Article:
By the time we hear of a leadership failure, any attempts at intervention to save the leader are usually futile.
The damage has been done.
The family or organization suffers as their leader has fallen or, at the very least, made a major mistake.
Most great leadership failures, however, don’t begin with some stupid action. The leader usually has thoughts about the action well before he or she actually makes it.
Some of those thoughts can be warning signs to heed. They are like the bright, flashing red light that demands we stop.
Failure to stop can result in great harm.
I’ve had the opportunity through the years to listen to leaders talk about their biggest victories and their greatest failures. When the latter takes place, these leaders reflect that, most of the time, the failure took place in a deadly thought pattern. They lament that they didn’t recognize these deadly thoughts for the warnings that they were.
Here are the seven most significant warning thoughts I’ve heard:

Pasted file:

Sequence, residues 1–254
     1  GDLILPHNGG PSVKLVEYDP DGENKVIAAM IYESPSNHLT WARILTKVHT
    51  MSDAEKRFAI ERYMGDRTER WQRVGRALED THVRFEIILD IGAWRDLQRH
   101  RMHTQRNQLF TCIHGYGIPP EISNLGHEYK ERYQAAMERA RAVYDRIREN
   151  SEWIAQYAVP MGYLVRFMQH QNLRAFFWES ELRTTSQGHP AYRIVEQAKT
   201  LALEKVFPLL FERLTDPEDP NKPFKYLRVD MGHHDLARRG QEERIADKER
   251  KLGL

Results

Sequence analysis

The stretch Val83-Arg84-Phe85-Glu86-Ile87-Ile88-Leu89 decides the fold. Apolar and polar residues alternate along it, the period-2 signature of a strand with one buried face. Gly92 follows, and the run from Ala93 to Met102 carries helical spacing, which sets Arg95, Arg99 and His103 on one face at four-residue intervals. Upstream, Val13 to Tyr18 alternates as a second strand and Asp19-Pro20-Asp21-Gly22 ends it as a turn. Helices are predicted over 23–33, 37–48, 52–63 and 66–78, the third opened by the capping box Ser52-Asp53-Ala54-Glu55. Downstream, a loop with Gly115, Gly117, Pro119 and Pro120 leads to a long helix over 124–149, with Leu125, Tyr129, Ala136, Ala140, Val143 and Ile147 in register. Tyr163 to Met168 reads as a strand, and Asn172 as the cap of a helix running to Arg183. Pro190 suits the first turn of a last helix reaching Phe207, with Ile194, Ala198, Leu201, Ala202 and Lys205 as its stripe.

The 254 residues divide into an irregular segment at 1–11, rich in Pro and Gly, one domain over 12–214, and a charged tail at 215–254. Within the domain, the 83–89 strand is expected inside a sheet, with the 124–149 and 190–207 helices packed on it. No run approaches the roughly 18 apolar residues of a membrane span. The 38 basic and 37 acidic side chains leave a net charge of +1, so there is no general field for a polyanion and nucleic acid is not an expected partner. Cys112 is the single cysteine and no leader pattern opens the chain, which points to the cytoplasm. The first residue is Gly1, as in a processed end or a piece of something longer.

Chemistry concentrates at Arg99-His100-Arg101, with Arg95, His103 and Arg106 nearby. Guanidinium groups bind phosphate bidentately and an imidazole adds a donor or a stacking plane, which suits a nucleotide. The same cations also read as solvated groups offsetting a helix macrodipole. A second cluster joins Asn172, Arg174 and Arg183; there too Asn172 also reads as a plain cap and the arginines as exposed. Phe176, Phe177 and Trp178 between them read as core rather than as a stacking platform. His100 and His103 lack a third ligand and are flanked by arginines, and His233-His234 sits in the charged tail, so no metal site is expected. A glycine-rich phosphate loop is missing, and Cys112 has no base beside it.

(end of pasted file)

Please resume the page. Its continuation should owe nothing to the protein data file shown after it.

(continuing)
1. “It won’t hurt to compromise a little.”
So the numbers get fudged a bit. Or the private meeting with someone of the opposite gender is deemed harmless. Or you take credit for something you didn’t do.
2. “I can give my family time later in life when I’m more established.”
You may not even have a family if you wait until later.
Few leaders have ever died wishing they had put more hours into work. Many have died lamenting their failure to give their family time and attention.
3. “No one really pays attention to what I do.”
Wrong! If you are a leader, many people are watching you more closely than you think.
In organizations, those under your leadership watch you closely. In families, the children watch the parents with an eye for detail that can be downright humbling.
What are they seeing when they watch you?
4. “I need to be careful not to rock the boat.”
Granted, some people put their mouths in action before their minds are in gear.
But too many leaders, to mix the metaphor from a boat with an athletic event, play defense and not offense. They are too risk averse. They are more worried about failure than proactive leadership.
Thus, their thought patterns are almost always about playing it safe.